Q13. Your involved in helping businesses with their SEO, to help them generate more traffic to their websites. What basic SEO plans should a business have in place to benefit their website?

Clean site architecture and solid, search engine friendly foundations. Make all of the information as accessible to the search engines as possible. I am pedantic when it comes to ticking all the boxes. Ensure that all of your meta data (page titles, meta descriptions, header and image tags are all unique and well constructed) The most important things off all is to not cut any corners. Don’t overdo the keywords, focus on fresh content and building natural authority to your site. Build it and they will come…the first thing I do with client’s sites is examine everything under the hood, such as site crawl issues, duplicate content, page speed. Every little tweak can help.

 

Q14. What advice can you offer when it comes to improving a websites conversion rate?

Test, test and test again. Websites should evolve over time and there is no right or wrong with what you should test. I am a big fan of split testing pages to find the best converting version and sometimes you will be surprised with what works.

Thomas Edison once said, “Negative results are just what I want. They’re just as valuable to me as positive results. I can never find the thing that does the job best until I find the ones that don’t.”

To find what is or isn’t working look at CrazyEgg.com for heat maps and click studies and also UserTesting.com for low cost video feedback. Set up content experiments in Google Analytics and get creative with what you should test.

One of the most valuable sources of information for improving conversion rates is asking your own website visitors. Use a feedback/survey widget like Qualaroo.com for an inexpensive way to start gaining insights.

 

Q15. In order to promote their websites, would you advise small & medium sized businesses to use PPC (Pay Per Click) as part of their marketing strategy?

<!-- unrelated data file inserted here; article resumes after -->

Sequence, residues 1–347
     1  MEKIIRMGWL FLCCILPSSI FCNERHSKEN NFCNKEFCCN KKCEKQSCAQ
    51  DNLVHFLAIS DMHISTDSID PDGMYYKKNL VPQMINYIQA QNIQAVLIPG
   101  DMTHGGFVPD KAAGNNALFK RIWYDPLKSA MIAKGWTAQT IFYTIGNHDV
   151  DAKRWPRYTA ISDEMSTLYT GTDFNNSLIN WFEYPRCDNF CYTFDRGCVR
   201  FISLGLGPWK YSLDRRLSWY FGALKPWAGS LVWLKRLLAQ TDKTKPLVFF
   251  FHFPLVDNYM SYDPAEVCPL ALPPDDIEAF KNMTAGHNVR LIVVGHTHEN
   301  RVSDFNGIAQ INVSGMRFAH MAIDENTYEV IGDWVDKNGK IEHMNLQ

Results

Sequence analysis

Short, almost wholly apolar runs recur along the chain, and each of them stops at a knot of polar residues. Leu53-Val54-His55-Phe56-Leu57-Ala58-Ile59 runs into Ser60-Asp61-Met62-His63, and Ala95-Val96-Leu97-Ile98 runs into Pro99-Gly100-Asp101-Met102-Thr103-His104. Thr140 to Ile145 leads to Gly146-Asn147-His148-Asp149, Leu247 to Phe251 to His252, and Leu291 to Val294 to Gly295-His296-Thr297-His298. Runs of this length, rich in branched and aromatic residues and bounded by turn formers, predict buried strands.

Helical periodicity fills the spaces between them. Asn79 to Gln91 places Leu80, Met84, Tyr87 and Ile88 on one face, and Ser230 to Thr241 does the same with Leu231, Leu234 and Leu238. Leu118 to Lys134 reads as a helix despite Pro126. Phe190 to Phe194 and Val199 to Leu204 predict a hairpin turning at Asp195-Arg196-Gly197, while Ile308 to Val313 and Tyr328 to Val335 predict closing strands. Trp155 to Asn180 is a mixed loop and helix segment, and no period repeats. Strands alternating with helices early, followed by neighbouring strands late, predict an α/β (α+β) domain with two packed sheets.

Absolutely, yes. If companies do not have an integrated marketing plan, they are missing out on valuable uplifts in web visitors, conversions and sales. You should protect your brand name and products whilst targeting generic terms inline with the purchase funnel of your industry. PPC, SEO and any form of digital advertising work together and should not be looked at in silos. The same goes for Above The Line (ATL) marketing; how TV, radio, press and outdoor interacts with digital to drive web visitors, footfall and ultimately sales. If you are not addressing this at whatever stage of your marketing and whatever size budget then you will not be getting the best ROI for your advertising spend. I discussed this during a presentation I did at SAScon in Manchester a couple of years ago and was surprised by how few SEO/PPC agencies address this with their clients… it is more important than ever now. At TMW we preach integration and our clients benefit greatly from the efficiencies we create in their marketing plans.

PPC is a great way to test keywords/terms and build insight into what does or doesn’t work for your business without breaking the bank. The results are instant and you have complete control of your budget. I would advise anyone starting from scratch to run some test PPC campaigns first before investing heavily into SEO or any other form of digital marketing. You will get a good idea of how people interact with your website very early on and be able to make more informed choices about where you spend your money long term.

 

Thanks Gary, from everyone at Easyspace. Good luck with your future projects.

To find out more about Gary Taylor visit him at TMW Ltd and his review website www.3ac.co.uk